Action and Sports Photography

Action and Sports Photography

Top Tips to Improve Your Action and Sports Photography With the World Cup in full flow, we thought we would give you a few sporting ideas to help improve your action and sports photography. Motion photography gives you plenty of opportunities to capture dramatic and vivid imagery that will last you a lifetime. Consequently, action and sports photography is the only type of photography that presents heart-pounding action and provides the opportunity of shooting in unique ways. Here at iPhotography™ we will give you plenty of handy hints and tips to help you perfect your shutter speed techniques because you don’t want miss the action during this huge sporting season. When shooting your children’s sports day, football matches or even professional sports such as the Olympics, flash photography is usually frowned upon or in a lot of cases strictly prohibited (this is down to the obvious reasons of causing distractions). Similarly, think back to Tom Daley diving in the 2012 Olympics and the camera flash that put him off and meant he had to dive again. Usually in sporting situations, indoor arenas are well lit with fluorescent lighting, so the area is bright; after all, they want to ensure the audience has the best view possible. On the other hand, outdoor arenas rely on natural light. This is where action and sports photography can become difficult, especially if the sun is glaringly bright or it’s a dull day. You have no control over the elements, so it’s important to understand how to use your ISO and other camera settings. Remember: Before attending events, check whether you are allowed to...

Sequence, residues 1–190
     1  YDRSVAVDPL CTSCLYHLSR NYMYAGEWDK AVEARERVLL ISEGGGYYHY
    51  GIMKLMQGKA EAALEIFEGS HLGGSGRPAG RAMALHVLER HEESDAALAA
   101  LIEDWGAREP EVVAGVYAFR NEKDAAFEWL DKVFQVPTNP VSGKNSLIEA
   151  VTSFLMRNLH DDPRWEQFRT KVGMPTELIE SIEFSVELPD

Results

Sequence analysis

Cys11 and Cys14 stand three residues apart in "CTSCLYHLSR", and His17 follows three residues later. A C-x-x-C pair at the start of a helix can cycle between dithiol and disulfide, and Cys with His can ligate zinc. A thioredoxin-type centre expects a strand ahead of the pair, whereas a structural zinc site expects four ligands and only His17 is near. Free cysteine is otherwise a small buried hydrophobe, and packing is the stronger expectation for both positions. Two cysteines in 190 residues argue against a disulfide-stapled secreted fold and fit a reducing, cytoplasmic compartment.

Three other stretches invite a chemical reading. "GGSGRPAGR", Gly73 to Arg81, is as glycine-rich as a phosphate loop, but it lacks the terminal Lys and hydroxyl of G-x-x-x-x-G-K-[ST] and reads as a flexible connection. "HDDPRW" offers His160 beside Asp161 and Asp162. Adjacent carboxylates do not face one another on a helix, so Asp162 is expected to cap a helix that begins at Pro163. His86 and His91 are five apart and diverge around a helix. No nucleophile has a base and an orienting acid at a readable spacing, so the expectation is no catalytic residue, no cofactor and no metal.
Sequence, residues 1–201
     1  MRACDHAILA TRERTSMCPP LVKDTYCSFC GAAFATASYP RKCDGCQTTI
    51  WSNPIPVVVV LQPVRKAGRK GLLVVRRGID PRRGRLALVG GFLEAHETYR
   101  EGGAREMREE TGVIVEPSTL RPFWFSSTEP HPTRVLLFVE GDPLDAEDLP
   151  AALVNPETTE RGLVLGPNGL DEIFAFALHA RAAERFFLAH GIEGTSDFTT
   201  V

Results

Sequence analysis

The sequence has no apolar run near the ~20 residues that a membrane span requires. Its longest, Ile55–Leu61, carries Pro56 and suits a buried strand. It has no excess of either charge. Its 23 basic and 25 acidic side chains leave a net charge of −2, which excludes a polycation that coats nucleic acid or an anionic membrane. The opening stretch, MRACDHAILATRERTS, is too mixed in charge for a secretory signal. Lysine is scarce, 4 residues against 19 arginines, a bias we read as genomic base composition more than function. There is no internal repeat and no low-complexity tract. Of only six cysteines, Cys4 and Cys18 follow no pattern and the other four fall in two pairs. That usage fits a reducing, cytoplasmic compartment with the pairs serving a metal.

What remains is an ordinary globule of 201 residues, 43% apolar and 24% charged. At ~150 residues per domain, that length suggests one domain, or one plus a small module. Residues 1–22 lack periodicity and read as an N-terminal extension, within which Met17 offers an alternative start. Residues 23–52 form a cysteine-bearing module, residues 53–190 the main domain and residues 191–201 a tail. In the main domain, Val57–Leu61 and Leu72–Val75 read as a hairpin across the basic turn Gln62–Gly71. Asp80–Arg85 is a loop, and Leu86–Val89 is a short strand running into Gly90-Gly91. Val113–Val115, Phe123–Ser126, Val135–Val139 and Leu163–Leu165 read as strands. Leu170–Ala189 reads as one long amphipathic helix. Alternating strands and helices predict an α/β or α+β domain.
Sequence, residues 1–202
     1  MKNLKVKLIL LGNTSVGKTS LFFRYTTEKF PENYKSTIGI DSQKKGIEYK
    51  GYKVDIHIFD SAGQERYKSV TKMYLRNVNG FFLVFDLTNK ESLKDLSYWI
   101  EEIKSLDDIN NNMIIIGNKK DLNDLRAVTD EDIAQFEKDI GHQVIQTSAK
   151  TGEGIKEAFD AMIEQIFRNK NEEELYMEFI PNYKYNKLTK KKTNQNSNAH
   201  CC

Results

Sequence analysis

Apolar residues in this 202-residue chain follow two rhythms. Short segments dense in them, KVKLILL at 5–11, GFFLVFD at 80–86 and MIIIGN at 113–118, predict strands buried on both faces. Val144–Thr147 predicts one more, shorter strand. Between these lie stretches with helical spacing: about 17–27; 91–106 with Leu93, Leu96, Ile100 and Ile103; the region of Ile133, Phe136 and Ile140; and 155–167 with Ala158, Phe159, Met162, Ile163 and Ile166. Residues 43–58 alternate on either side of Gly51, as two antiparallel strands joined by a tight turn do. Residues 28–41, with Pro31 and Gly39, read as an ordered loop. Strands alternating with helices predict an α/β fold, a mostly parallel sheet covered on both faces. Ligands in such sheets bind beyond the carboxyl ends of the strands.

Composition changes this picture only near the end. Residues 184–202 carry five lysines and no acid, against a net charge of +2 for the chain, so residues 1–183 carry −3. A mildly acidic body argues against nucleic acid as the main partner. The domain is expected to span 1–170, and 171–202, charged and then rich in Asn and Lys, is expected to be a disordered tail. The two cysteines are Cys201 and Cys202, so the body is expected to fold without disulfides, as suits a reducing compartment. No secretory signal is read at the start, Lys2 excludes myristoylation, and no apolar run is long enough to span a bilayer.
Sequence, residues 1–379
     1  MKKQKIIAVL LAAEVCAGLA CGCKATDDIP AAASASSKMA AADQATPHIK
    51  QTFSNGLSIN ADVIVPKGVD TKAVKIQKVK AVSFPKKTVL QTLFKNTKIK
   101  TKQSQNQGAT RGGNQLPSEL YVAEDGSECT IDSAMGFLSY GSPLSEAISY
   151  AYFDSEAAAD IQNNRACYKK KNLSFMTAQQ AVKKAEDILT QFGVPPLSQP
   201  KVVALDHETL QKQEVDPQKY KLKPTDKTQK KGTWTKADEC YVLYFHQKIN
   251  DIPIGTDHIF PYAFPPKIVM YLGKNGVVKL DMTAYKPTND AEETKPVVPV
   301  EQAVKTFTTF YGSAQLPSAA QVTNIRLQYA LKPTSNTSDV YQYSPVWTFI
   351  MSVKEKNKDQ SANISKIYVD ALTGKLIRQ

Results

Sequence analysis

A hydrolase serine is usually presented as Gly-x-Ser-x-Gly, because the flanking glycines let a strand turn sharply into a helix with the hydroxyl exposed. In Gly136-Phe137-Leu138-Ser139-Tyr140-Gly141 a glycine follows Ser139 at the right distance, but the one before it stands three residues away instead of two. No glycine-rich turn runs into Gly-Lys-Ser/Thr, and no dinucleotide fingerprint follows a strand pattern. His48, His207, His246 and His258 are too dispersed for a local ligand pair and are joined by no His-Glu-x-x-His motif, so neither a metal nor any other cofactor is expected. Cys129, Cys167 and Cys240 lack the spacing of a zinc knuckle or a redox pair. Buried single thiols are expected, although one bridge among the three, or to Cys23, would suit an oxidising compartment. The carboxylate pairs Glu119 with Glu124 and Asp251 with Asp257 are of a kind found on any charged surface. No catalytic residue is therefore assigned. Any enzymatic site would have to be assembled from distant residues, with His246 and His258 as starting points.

Shutter Speed Simplified

Shutter Speed Simplified

Shutter Speed Simplified When it comes to photography there are two main things that you need to get your head around to really understand how you can manipulate your camera to capture the images you want.  These two key points are Shutter Speed and Aperture. By balancing these two elements together correctly you can create the effect you want, whilst gaining the correct exposure for your images. In this post, though we are going to focus on shutter speed and look at the aperture in a future post. Shutter Speed can be simply explained using these two statements; The lower the number the slower the shutter speed, the slower the shutter speed the more blur the camera will capture. The higher the number the faster the shutter speed. The faster the shutter speed the less blur the camera will capture. Shutter speed is used to control the amount of light entering the camera and also the amount of movement you see within an image. It can be a little tricky to get to grips with but to fully appreciate the effects of the shutter speed, you want to venture out to a place with plenty of people or traffic to have a look for yourself at how it works. The best way to understand how a different shutter speed affects your photos is to pick up your camera and give it a go. However, if you are a little uncomfortable doing this in a public place with lots of people, then you can do the same practice at home, you will just need a willing assistant to walk, run, or ride past you a few times – whilst you play around with your shutter speed....